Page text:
As such, Clarisse See, the Education and Research Committee head of UP Babaylan agrees, “[The LGBTQ+ community] want to build their own families in a safe environment.” However, as appeals for marriage equality and the Sexual Orientation and Gender Identity Expression (SOGIE) Equality Bill fall on deaf ears, the lack of legal protection creates a disparity in the world beyond their homes. 

“[They] are vulnerable to discrimination, harassment, and violence since various institutions in our society regard them as sinful,” Aves says. Left undocumented and unnoticed, they emphasize that this indifference can be felt even in mundane scenarios. One such example is regarding the social distancing protocols. See notices that the Department of Interior and Local Government’s protocol regarding motorcycle back riding is exclusive. “Pwede mag-angkas is ‘yung asawa mo lang’’, she posits. “So, medyo nawawala ‘yung [LGBTQ+ couples] doon sa…paningin ng society.”

(Your spouse of the opposite sex is the only one who can back ride. LGBTQ+ couples are left out in the context of this policy.)

Even in times of need, LGBTQ+ parents are systematically neglected, penalized, and discriminated against. As the pandemic leaves many without income and reliant on government aid, Aves explains, “Super konti lang ng mga local government units (LGUs) na gumagawa ng [LGBTQ+]-affirming relief programs.” For instance, Pasig City is one of the few LGUs that recognizes LGBTQ+ parents as beneficiaries in the supplemental cash aid program. The exclusion of many queer couples in government programs makes them economically vulnerable that “one could say it’s creating a humanitarian emergency,” Aves adds.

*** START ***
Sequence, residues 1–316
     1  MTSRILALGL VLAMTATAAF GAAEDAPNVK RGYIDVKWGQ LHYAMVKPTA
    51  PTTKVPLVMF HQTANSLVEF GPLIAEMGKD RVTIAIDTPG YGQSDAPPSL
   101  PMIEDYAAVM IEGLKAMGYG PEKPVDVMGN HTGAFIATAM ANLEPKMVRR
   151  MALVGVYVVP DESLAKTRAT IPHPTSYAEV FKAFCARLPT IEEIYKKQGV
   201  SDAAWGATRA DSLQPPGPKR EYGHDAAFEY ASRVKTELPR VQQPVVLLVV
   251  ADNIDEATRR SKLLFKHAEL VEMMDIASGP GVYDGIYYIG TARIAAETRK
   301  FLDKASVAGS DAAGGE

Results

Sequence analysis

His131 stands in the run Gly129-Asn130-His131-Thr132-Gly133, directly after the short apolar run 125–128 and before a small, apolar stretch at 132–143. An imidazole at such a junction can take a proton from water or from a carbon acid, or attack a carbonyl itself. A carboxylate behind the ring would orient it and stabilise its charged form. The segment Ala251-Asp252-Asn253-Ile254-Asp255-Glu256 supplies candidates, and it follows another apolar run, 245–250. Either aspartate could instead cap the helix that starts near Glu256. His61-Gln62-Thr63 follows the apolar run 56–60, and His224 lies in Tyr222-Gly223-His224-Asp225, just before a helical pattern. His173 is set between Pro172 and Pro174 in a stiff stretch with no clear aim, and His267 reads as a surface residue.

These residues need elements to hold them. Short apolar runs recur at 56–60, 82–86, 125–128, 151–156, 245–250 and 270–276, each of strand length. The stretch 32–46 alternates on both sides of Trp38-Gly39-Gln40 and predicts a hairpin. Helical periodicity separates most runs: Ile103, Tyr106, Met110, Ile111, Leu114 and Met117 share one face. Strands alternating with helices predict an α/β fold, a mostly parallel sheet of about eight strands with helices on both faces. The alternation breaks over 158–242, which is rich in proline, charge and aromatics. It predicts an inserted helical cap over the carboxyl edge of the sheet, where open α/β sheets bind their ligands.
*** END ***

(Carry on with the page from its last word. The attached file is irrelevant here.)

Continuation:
(There are only a few LGUs that implement LGBTQ+-affirming relief programs.)

Family stays together

There is still a long way to go before the government legally recognizes LGBTQ+ couples’ rights to start a family but there are ways to resolve the struggle. For Peña, it can be as small as revising terminologies, “The term ‘[LGBTQ+] families’ is based on the gender identity of the parents.” Instead, he suggests that by abolishing these labels, society would become more accepting of all families.

On a larger scale, Peña also advises that “some laws need to be created, refreshed, or updated…to allow families to thrive.” Even by just passing the SOGIE Equality Bill, “[LGBTQ+] individuals will have protection against discrimination in school, workplace, the streets, [and] other institutions,” Aves concurs. ”Of course, [LGBTQ+ couples who want to start] families will also be stronger.” 

Additionally, Peña stresses, “If marriage equality is not possible yet, civil unions for parents of any gender should be in place.” This would also entail reforms in adoption laws recognizing queer couples as parents. Peña also suggests that surrogacy laws should be established to protect and support queer couples who wish to have a biological child.

Sadly, the current restrictions only strengthen the stigma that LGBTQ+ parents can’t foster proper guidance to children. But See reminds Filipinos, “[LGBTQ+] individuals are humans, too.” Everyone should help in developing an environment where all families are “safe, accepted, and welcomed,” she ends.

As for Peña, he is hopeful that by the time his son grows up, “breakthroughs in our society would have already been won.”  He lives to see the day when “we—not only [LGBTQ+] persons—but all Filipinos, [would] enjoy a kind of freedom and well-being that works for all and not just some.”